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Vascular dementia is acute or chronic cognitive deterioration due to diffuse or focal cerebral infarction that is most often related to cerebrovascular disease.
Dementia is chronic, global, usually irreversible deterioration of cognition. Vascular dementia is the 2nd most common cause of dementia among the elderly. It is more common among men and usually begins after age 70. It occurs more often in people who have vascular risk factors (eg, hypertension, diabetes mellitus, hyperlipidemia, smoking) and in those who have had several strokes. Many people have both vascular dementia and Alzheimer disease.
Dementia should not be confused with delirium although cognition is disordered in both. The following helps distinguish them:
Other specific characteristics also help distinguish the 2 disorders (see Table: Differences Between Delirium and Dementia*).
Vascular dementia typically occurs when multiple small cerebral infarcts (or sometimes hemorrhages) cause enough neuronal or axonal loss to impair brain function.
Vascular dementias include the following:
Multiple lacunar infarction: Small blood vessels are affected. Multiple lacunar infarcts occur deep within hemispheric white and gray matter.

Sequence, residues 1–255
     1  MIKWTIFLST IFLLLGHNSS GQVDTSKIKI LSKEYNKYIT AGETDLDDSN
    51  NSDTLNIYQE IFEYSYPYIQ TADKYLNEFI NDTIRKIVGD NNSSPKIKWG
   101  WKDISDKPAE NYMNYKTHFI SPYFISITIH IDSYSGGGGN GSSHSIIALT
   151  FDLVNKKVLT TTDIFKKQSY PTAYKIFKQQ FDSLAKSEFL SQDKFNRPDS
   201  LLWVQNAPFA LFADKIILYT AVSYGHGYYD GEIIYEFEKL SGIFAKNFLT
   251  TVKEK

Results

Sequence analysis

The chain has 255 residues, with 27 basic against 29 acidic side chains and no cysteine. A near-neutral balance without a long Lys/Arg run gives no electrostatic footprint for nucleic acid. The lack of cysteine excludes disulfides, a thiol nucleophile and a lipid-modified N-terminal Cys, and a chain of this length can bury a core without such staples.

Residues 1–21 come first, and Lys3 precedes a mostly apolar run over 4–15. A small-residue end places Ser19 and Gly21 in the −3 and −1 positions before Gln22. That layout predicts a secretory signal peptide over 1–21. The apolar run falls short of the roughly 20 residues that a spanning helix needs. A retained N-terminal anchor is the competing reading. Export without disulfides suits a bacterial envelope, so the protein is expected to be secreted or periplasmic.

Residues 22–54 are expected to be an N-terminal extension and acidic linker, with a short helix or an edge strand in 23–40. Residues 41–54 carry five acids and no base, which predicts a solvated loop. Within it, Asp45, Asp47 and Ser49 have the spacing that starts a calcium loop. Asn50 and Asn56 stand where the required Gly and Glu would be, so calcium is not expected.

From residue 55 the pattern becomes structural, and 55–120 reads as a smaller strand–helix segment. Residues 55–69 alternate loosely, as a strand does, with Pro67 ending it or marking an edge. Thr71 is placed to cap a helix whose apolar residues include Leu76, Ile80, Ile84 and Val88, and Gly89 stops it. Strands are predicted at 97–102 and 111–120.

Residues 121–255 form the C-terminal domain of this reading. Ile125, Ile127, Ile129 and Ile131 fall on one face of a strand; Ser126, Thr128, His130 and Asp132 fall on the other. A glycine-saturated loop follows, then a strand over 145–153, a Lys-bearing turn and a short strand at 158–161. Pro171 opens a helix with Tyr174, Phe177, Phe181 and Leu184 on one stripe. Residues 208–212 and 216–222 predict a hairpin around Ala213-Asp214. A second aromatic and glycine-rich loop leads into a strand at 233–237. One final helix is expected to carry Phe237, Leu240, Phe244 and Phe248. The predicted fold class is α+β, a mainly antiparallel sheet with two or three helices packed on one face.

Multi-infarct dementia: Medium-sized blood vessels are affected.
Strategic single-infarct dementia: A single infarct occurs in a crucial area of the brain (eg, angular gyrus, thalamus).
Binswanger dementia (subcortical arteriosclerotic encephalopathy): This uncommon variant of small-vessel dementia is associated with severe, poorly controlled hypertension and systemic vascular disease. It causes diffuse and irregular loss of axons and myelin with widespread gliosis, tissue death due to an infarction, or loss of blood supply to the white matter of the brain.
Symptoms and signs of vascular dementia are similar to those of other dementias (eg, memory loss, impaired executive function, difficulty initiating actions or tasks, slowed thinking, personality and mood changes, language deficits). However, compared with Alzheimer disease, vascular dementia tends to cause memory loss later and to affect executive function earlier. Also, symptoms can vary depending on where the infarcts occur.